Which Worldview is Defended in a Situation of Multiple Group Identities?
Jeremy Wischusen, Lori J. Nelson and Nicole Pollini
Abstract: This study examined the effects of mortality salience on intergroup bias in a situation involving multiple group memberships. European-American participants wrote an essay about personal mortality or a neutral topic. They then evaluated either a black or a white student who had made either pro-U.S. or anti-U.S. statements. Participants were thus provided with both nationalism and racism as potential avenues for reacting to personal mortality salience, but the situation made national identity more salient than racial identity. As predicted, mortality salience magnified nationalist bias, but did not affect racist bias. The predictive utility of terror management theory can be enhanced by specifying that an individual's most salient group identity will be the focus of intergroup bias generated by mortality salience.
The Relations between Emotional Stability, Self-Esteem, and Sense of Coherence
Abstract: The relations between emotional stability, self-esteem, and sense of coherence were examined. Participants included 84 Loyola College students, 42 males and 42 females aged 18 to 22 years. The participants filled out a demographic sheet, the Mini-Marker Set, Rosenberg Self-Esteem Scale, and the Orientation to Life Scale. The first hypothesis was that there would be a positive relationship between emotional stability and self-esteem. A significant relationship between emotional stability and self-esteem was found. The second hypothesis was that there would be a positive relationship between emotional stability and sense of coherence. A significant relationship was also found between emotional stability and sense of coherence. Results in this sample of college students are parallel to results found in other populations.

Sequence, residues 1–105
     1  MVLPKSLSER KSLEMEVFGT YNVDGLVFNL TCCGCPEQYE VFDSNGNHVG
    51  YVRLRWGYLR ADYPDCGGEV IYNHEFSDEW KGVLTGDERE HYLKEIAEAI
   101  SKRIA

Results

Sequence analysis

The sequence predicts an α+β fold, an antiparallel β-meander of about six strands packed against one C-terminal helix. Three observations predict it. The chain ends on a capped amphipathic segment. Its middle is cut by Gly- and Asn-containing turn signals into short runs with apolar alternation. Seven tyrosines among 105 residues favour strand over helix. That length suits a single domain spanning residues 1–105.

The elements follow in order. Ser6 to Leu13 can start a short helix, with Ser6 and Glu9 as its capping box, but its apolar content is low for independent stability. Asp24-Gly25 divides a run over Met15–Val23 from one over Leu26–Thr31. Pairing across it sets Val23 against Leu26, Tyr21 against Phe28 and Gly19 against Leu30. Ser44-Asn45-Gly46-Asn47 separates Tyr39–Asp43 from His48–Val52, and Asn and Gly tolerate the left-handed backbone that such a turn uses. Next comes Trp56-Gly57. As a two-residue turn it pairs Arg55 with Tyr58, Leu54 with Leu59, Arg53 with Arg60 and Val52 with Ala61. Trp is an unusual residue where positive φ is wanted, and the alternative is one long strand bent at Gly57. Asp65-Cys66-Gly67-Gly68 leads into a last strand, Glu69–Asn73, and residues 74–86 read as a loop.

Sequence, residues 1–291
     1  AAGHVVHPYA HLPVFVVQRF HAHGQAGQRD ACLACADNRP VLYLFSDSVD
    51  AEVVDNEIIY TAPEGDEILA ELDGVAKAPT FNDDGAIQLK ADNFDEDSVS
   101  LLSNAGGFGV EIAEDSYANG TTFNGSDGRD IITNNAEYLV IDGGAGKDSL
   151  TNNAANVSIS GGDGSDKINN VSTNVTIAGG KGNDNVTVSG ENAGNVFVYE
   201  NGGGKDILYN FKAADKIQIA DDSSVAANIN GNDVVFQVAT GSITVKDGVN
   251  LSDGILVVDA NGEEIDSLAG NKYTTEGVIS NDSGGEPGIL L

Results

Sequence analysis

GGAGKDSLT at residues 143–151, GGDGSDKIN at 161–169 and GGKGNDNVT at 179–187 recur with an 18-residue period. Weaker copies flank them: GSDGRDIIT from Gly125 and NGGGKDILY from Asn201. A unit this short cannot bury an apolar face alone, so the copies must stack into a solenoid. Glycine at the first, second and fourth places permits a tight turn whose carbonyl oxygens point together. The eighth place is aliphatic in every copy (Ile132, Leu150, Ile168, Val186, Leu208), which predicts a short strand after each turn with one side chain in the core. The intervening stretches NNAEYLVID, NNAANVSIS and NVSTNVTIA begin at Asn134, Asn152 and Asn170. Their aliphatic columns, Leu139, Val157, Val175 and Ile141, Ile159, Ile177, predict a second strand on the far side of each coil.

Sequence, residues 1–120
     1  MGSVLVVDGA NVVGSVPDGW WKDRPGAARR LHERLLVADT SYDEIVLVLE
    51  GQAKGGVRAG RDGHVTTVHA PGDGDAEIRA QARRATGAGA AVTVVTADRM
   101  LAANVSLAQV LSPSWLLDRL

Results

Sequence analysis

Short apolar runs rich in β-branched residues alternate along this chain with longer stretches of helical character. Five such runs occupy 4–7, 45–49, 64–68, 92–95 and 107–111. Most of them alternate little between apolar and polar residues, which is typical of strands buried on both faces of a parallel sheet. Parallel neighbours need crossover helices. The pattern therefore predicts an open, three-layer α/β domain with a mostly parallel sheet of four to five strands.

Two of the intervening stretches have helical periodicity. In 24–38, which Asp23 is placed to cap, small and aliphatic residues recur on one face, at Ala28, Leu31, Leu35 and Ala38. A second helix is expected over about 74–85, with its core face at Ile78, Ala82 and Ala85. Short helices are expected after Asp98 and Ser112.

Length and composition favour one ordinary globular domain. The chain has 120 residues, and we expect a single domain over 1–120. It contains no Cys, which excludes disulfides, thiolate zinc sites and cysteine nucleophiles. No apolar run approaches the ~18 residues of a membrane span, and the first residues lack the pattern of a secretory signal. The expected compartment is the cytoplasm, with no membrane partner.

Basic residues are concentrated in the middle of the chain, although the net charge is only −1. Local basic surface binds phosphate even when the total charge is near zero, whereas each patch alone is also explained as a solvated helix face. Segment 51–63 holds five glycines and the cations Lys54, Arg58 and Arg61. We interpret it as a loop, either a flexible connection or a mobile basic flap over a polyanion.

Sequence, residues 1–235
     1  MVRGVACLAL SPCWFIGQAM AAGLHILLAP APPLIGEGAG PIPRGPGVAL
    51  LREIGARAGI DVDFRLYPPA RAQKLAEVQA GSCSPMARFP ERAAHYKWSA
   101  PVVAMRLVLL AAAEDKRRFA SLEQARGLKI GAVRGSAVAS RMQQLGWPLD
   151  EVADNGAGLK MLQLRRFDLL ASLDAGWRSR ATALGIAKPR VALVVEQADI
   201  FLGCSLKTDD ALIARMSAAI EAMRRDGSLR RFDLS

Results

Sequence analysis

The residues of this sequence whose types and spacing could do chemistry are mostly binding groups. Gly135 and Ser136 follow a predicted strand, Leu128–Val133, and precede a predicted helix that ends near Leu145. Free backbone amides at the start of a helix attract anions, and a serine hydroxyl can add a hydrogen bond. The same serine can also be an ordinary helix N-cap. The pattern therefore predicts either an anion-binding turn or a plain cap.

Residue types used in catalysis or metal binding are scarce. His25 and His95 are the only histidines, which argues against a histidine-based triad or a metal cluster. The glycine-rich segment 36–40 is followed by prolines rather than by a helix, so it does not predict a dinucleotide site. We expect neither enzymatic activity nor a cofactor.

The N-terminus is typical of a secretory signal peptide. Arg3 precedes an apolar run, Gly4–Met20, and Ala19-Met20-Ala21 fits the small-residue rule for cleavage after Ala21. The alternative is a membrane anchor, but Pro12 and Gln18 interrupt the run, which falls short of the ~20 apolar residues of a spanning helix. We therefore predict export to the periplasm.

Teen Movies of the 1980's and 1990's: A Media Content Analysis
Nancy Berens, Felisha Crutcher, and Wendy Johnson
The College of St. Catherine
Abstract: Research stemming from the learning theory concludes there is a growing amount of evidence that the media impacts human behavior. It is found that media has powerful effects for three reasons: children spend more time with the mass media than their society may be influenced by the portrayals of teen behaviors on the big and little screen.
The Relationship of Optimism With Psychological and Physical Well-Being
Joseph Rabiega and Brooke J. Cannon
Abstract: The relationship of optimism with psychological and physical well-being is a well researched topic. Maintaining an optimistic view on life has been shown to reduce depression and help with the recovery process from major surgery. Other daily life events (i.e., job performance) have been found to be positively related to high levels of optimism. The literature on optimism also provides information on ways to measure optimism and distinguishes between the different theoretical constructs used to define optimism. Throughout this review, these topics, as well as other important issues related to optimism will be discussed in great detail. It is hoped that by reading this review, the reader will become appreciative of the powerful benefits of maintaining a positive outlook on life.